# extract time attributes from the timestamp column
df2['day_of_year'] = df2.timestamp.dt.dayofyear
df2['week_of_year'] = df2.timestamp.dt.weekofyear
df2['day_of_week'] = df2.timestamp.dt.dayofweek

We will also extract the weekday characteristic from the day of the week column and derive the part of the day based on the hour column.

# extract weekday characteristic from the day of the week column
df2['weekday'] = np.where(df2['day_of_week'] < 5, True, False)

# extract part of the day from the hour column
def get_day_period(x):
if x in range(6,12):
return 'Morning'
elif x in range(12,18):
return 'Afternoon'
elif x in range(18,23):
return 'Evening'
return 'Late night'

df2['part_of_day'] = df2['hour'].apply(get_day_period)

Next, we will categorize whether a record’s blood glucose is high, normal, or low.

# extract blood glucose level from the value column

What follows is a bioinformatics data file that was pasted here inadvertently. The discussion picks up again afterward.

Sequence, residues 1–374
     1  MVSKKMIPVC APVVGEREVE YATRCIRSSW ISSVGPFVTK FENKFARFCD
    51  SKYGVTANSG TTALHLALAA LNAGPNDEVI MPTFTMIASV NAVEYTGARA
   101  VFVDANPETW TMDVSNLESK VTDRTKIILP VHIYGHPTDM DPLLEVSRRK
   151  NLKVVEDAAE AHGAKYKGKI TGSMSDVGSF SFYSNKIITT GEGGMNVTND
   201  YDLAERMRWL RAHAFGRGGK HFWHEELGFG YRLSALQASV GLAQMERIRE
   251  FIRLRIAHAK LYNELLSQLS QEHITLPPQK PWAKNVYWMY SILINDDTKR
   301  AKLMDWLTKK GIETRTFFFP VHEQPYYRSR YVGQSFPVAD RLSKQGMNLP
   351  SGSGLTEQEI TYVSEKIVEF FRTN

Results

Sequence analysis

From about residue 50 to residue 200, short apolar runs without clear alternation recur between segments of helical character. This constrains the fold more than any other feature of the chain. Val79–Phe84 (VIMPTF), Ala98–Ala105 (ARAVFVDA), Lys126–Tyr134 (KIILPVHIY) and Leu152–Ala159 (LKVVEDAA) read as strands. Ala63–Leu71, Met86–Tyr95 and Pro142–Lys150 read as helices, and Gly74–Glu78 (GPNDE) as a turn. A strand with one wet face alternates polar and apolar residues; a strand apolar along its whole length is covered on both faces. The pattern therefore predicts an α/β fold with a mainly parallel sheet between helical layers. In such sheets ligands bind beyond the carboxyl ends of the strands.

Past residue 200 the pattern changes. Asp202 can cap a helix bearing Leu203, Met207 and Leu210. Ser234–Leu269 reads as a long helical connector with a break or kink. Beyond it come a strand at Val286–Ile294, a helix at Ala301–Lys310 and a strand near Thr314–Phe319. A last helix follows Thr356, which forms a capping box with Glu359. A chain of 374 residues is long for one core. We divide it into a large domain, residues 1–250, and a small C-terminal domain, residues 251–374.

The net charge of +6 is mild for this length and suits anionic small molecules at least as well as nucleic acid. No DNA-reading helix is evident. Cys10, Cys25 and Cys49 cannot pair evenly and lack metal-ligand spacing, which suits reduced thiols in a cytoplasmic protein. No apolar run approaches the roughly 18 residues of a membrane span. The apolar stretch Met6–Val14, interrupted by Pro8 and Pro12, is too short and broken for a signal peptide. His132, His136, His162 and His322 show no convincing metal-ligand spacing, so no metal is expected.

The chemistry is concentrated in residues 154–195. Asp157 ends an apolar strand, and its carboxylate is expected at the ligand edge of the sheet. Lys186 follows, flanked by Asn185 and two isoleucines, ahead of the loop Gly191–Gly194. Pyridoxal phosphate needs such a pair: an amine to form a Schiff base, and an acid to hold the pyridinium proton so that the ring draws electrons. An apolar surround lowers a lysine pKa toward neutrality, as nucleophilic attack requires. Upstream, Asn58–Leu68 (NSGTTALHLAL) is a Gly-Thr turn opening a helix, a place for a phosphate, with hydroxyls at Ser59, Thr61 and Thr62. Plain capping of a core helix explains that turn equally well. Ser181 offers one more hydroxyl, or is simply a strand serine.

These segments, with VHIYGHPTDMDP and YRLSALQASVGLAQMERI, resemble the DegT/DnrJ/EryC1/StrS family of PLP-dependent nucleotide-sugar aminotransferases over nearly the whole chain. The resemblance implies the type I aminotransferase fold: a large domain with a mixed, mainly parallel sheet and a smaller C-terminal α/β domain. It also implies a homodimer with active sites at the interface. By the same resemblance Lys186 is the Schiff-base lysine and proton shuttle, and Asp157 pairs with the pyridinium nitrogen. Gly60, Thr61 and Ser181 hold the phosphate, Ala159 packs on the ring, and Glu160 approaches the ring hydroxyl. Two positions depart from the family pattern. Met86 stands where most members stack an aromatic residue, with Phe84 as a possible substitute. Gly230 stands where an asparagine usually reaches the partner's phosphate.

def get_status(row):
if row['value'] < 70:
val = "Low"
elif row['value'] <= 180:
val = "Normal"
val = "High"
return val

df2['status'] = df2.apply(get_status, axis=1)

Looking at the value counts, we can see a massive imbalance between the status categories.

Screenshot by the Ednalyn C. De Dios

I’ve decided to forgo the low status and create another column indicating whether a reading is high or not.

# creates a new column and designates a row as either high or low
df2['high'] = np.where(df2['status'] != 'High', '0', '1').astype('int32')

And now, we’re ready to drop timestamp and status columns because we no longer need them.

df2 = df2.drop(columns=['status', 'timestamp'])

Let’s look at our dataframe now.

Screenshot by the Ednalyn C. De Dios

Exploratory Data Analysis of Apple Health Data from Dexcom G6

We’re about to do some visualizations, so let’s set up our figure size and layout.